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Atelosteogenesis type 1 is a disorder that affects the development of bones throughout the body. Affected individuals are born with inward- and upward-turning feet (clubfeet) and dislocations of the hips, knees, and elbows. Bones in the spine, rib cage, pelvis, and limbs may be underdeveloped or in some cases absent. As a result of the limb bone abnormalities, individuals with this condition have very short arms and legs. Characteristic facial features include a prominent forehead, wide-set eyes (hypertelorism), an upturned nose with a grooved tip, and a very small lower jaw and chin (micrognathia). Affected individuals may also have an opening in the roof of the mouth (a cleft palate). Males with this condition can have undescended testes.
Individuals with atelosteogenesis type 1 typically have an underdeveloped rib cage that affects the development and functioning of the lungs. As a result, affected individuals are usually stillborn or die shortly after birth from respiratory failure.
Atelosteogenesis type 1 is a rare disorder; its exact prevalence is unknown. Only a few dozen affected individuals have been identified.
Mutations in the FLNB gene cause atelosteogenesis type 1. The FLNB gene provides instructions for making a protein called filamin B. This protein helps build the network of protein filaments (cytoskeleton) that gives structure to cells and allows them to change shape and move. Filamin B attaches (binds) to another protein called actin and helps the actin to form the branching network of filaments that makes up the cytoskeleton. Filamin B also links actin to many other proteins to perform various functions within the cell, including the cell signaling that helps determine how the cytoskeleton will change as tissues grow and take shape during development.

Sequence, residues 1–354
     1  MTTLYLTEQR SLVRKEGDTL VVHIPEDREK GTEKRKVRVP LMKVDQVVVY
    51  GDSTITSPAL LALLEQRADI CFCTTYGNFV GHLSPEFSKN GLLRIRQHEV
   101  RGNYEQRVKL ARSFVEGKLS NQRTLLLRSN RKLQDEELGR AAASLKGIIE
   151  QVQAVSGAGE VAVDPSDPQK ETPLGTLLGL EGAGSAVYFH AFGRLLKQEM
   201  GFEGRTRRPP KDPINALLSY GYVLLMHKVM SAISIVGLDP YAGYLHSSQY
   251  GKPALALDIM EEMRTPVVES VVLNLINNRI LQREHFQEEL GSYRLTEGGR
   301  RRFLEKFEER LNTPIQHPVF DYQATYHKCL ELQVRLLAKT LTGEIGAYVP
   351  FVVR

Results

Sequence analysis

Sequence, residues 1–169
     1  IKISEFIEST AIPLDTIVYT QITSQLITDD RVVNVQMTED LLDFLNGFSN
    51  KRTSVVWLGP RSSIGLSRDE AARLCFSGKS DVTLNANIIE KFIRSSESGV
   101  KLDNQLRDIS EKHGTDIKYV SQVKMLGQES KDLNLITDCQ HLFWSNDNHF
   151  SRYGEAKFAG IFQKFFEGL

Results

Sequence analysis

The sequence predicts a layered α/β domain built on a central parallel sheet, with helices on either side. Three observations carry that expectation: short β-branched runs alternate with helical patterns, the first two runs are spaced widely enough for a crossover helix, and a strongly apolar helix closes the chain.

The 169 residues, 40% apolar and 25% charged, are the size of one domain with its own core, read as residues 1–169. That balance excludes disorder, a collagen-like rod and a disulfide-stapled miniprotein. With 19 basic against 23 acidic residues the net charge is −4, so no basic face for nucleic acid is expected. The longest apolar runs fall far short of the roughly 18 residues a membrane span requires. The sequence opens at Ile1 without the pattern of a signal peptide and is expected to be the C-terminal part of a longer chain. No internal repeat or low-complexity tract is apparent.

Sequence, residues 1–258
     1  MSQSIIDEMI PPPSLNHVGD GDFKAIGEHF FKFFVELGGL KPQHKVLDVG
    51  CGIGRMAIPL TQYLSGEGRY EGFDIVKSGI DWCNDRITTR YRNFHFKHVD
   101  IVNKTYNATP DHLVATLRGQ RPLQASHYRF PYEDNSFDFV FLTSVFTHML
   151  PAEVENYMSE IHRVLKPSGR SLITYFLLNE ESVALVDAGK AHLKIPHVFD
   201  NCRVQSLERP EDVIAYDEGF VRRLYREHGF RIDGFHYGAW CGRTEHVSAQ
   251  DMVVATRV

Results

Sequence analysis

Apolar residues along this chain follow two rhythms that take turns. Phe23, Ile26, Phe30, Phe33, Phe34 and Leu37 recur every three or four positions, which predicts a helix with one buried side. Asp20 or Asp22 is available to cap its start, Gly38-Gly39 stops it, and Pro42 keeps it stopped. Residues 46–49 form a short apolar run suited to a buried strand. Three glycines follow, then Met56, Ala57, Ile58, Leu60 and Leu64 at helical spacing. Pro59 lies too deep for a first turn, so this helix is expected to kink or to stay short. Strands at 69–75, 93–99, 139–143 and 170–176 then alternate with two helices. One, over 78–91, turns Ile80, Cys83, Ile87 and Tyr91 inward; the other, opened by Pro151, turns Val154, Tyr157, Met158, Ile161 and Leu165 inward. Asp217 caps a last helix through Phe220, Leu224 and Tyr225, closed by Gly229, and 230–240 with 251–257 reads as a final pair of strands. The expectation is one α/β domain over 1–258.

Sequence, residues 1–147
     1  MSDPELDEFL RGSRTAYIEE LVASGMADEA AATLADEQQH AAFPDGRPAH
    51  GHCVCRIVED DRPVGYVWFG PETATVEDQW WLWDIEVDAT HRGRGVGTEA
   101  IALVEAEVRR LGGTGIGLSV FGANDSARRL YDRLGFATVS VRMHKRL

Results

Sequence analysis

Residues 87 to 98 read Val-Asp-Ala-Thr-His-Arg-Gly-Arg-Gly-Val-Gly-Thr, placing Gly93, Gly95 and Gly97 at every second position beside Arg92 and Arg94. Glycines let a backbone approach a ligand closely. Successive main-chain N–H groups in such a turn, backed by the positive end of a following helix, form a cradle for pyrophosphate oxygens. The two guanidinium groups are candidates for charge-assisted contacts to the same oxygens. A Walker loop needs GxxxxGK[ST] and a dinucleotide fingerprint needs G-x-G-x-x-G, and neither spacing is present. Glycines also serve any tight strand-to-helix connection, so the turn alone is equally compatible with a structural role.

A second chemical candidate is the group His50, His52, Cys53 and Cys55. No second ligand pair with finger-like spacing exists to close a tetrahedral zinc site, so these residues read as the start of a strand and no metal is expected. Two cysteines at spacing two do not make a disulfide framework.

Filamin B is especially important in the development of the skeleton before birth. It is active (expressed) in the cell membranes of cartilage-forming cells (chondrocytes). Cartilage is a tough, flexible tissue that makes up much of the skeleton during early development. Most cartilage is later converted to bone, a process called ossification, except for the cartilage that continues to cover and protect the ends of bones and is present in the nose, airways (trachea and bronchi), and external ears. Filamin B appears to be important for normal cell growth and division (proliferation) and maturation (differentiation) of chondrocytes and for the ossification of cartilage.
FLNB gene mutations that cause atelosteogenesis type 1 change single protein building blocks (amino acids) in the filamin B protein or delete a small section of the protein sequence, resulting in an abnormal protein. This abnormal protein appears to have a new, atypical function that interferes with the proliferation or differentiation of chondrocytes, impairing ossification and leading to the signs and symptoms of atelosteogenesis type 1.
Changes in this gene are associated with atelosteogenesis type 1.
This condition is inherited in an autosomal dominant pattern, which means one copy of the altered gene in each cell is sufficient to cause the disorder. Almost all cases result from new mutations in the gene and occur in people with no history of the disorder in their family.
These resources address the diagnosis or management of atelosteogenesis type 1 and may include treatment providers.
You might also find information on the diagnosis or management of atelosteogenesis type 1 in Educational resources (http://ghr.nlm.nih.gov/condition/atelosteogenesis-type-1/show/Educational+resources) and Patient support (http://ghr.nlm.nih.gov/condition/atelosteogenesis-type-1/show/Patient+support).
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You may find the following resources about atelosteogenesis type 1 helpful. These materials are written for the general public.
You may also be interested in these resources, which are designed for healthcare professionals and researchers.
For more information about naming genetic conditions, see the Genetics Home Reference Condition Naming Guidelines (http://ghr.nlm.nih.gov/ConditionNameGuide) and How are genetic conditions and genes named? (http://ghr.nlm.nih.gov/handbook/mutationsanddisorders/naming) in the Handbook.
Ask the Genetic and Rare Diseases Information Center (http://rarediseases.info.nih.gov/gard).
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